Wired in Real Time

Connecting with the tech-savvy generation

by Leah Shutes, Published July 11, 2012

YPSILANTI - Social media has changed the way we live. Whether you're a gamer, an electronics enthusiast, part of the Millennial generation or a baby boomer, chances are you're using it, too. And Eastern Michigan is right on board.

According to Kelly Frisch, graduate assistant at the Faculty Development Center, EMU faculty have access to many types of technology for use in the classroom. Some of these include clicker technology, the touch-sensitive Smart Board, podcasts and lecture capture.

"The feedback has been really positive," says Frisch. "People are showing interest."

Social media class

Professor Gina Luttrell's "Fundamentals of Social Media"

class interacts with Darryl Ohrt via Skype.

English professor Steven Krause teaches Writing for the World Wide Web, an online class focusing on computers, social media and writing. He communicates with students using video; social media sites such as Facebook and Twitter; and Google Hangout, a Skype-like program that allows members to see each other on the screen. Krause also requires students to learn the HTML and CSS programs and build their own websites by the end of the semester.

English professor Gina Luttrell teaches a hybrid course, Fundamentals of Social Media, that involves classroom and online coursework. "Students explore emerging social media technologies and study their application in contemporary public relations practice," says Luttrell. "Students learn how to use and create content within the framework of the communications industry." She also invites "thought leaders of Social Media," such as Darryl Ohrt, one of the founders of Carrot Creative, into the class discussions via Skype.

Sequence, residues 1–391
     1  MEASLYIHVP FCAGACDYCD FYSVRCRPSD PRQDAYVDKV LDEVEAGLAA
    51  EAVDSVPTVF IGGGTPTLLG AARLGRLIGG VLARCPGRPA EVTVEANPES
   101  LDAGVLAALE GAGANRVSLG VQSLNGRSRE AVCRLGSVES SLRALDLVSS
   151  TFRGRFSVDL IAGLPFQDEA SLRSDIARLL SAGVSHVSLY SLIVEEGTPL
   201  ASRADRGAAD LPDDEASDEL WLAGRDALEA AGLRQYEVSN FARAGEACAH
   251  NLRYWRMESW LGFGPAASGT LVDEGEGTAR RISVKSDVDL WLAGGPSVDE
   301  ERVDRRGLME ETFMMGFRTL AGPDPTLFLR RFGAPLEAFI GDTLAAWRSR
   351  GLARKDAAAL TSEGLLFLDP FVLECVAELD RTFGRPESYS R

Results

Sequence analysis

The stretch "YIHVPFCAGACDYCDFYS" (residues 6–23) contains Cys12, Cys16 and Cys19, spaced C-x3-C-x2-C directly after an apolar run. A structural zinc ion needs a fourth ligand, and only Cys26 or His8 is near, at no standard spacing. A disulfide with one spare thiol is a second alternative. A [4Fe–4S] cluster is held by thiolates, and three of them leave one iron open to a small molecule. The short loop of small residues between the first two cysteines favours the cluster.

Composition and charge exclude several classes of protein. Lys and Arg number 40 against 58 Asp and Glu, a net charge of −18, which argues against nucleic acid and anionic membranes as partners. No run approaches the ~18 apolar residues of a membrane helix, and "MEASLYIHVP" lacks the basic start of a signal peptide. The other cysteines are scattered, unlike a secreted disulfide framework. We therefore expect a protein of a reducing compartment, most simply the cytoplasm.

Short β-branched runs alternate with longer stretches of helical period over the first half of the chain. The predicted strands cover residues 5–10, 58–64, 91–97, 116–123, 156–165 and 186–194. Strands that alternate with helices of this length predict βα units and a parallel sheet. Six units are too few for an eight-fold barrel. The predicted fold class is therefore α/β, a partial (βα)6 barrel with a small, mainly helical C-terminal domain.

Luttrell is one of many professors at EMU to adopt a new teaching tool that can increase class attendance, stimulate interest and augment student participation. Poll Everywhere, similar to the more common i

Eastern's professors are also using iTunesU, a special channel of iTunes for university course content. History lecturer Rick Rogers created a Comparative Study of Religion podcast in 2010 that went viral in a matter of months and has been downloaded more than 200,000 times. Professor of Technology Studies Konnie Kustron uses Skype for class discussions, does all her lectures online with voice-overs and shares content via GoogleDocs. Engineering Technology professor Daniel Fields has integrated a tool called Elluminate Live into his curriculum as a means to share applications, allow students to poll instantly, and allow session recording, including student presentations.

Students seem to like learning with the new tools. "I thought Poll Everywhere was cool because, out of all the PR classes I'd taken up to that point, I'd never seen technology like this," says Cherese Colston, a public relations major from Mt. Morris. "It really connected with our tech-savvy generation and got our attention by allowing us to use our cell phones to text answers to questions."

This story originally appeared in the Summer 2012 issue of Eastern Magazine

Geoff Larcom



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